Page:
• Good engineering practice
  • Exercising the fullest flexibility in the interpretation of the employer’s requirements
  • Ensuring that at no stage would the process of design or construction be stalled or stopped, other than for reasons expressly stipulated in the contract.
Employers and their consultants by choosing the EPC Trunkey route are relying on the skill and judgment of contractors and it is, therefore, unnecessary, except in the face of gross non-compliance with this obligations, to interfere in any way or to subject contractors to long delays in the acceptance of their proposals especially when
  • they meet the Employer’s Requirements
  • are in accordance with standards, international engineering practices and
  • Incorporate materials, equipment and plant to be procured, from already known or even approved vendors.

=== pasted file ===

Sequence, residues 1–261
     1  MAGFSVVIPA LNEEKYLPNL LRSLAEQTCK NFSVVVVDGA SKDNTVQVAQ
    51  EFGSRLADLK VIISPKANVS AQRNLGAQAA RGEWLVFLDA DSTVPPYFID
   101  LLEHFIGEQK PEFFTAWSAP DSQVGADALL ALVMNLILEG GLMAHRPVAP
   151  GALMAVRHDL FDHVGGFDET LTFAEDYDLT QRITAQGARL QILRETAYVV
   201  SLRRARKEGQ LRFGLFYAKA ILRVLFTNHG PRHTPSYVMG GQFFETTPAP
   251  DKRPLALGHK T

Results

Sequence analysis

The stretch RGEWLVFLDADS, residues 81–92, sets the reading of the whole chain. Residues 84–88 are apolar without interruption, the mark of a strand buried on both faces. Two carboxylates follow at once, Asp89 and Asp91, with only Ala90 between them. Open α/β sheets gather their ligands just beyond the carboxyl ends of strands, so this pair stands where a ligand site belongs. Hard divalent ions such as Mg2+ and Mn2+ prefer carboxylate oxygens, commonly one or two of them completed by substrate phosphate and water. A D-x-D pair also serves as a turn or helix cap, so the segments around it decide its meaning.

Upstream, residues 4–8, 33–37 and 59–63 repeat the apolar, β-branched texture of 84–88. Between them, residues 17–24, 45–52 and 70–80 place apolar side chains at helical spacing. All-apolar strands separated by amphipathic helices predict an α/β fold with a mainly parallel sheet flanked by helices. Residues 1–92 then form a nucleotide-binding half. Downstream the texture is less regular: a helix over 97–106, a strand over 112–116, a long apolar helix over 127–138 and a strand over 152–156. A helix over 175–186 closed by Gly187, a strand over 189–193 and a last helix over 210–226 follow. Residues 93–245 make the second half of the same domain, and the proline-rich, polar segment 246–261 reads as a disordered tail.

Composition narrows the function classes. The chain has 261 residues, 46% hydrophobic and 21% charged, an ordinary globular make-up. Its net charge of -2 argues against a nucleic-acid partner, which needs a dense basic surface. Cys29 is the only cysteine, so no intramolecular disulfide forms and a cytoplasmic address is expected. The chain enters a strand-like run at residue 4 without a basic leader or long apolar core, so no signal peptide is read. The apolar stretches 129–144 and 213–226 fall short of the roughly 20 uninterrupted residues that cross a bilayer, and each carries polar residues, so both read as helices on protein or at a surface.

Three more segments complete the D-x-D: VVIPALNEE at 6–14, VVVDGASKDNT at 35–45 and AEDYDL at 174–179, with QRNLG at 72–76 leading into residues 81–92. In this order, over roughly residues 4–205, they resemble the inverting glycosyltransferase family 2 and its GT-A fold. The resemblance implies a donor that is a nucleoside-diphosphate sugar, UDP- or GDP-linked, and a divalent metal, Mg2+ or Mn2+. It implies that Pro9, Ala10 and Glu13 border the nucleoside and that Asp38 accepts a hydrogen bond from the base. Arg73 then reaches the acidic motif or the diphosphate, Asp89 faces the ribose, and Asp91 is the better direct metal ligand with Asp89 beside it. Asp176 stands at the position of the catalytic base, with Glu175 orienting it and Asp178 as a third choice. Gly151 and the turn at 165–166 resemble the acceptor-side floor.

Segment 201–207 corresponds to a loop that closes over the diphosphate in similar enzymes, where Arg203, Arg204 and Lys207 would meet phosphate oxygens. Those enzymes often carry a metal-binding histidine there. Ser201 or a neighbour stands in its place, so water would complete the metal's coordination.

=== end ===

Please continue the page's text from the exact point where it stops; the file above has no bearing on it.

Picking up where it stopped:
It is clear, therefore, that any review and comments by the Employer and his consultant ought to be carried out bearing in mind the level of information supplied and the strict time limits imposed by the Employer himself and that decisions to freeze any or all aspects of the design, engineering and ultimately procurement cannot always be mad. This is done, of course, in the interest of the project with a view to ensuring that both sides keep to the time schedule that they have agreed to meet. EPC Turnkey contracts, therefore, need to be managed and administered in a very different manner from traditional contracts with Employer’s designs. It should be clearly understood that contractors whilst executing EPC Turnkey projects must be allowed to proceed at their own risk, unless safety is involved, since they are ultimately responsible for the design, its constructability and the “fitness for purpose,” contracts, as stated above normally containing adequate safeguards should contractors be in breach of any of these obligations. Consequently, EPC Turnkey contracts should not, as is very often the case in India, be allowed to turn into exercises in innovative engineering to arrive at a final result for superior to that described in the Contract and agreed to be undertaken by the Contractor. This is what has become commonly known as the abuse of EPC Turnkey principles.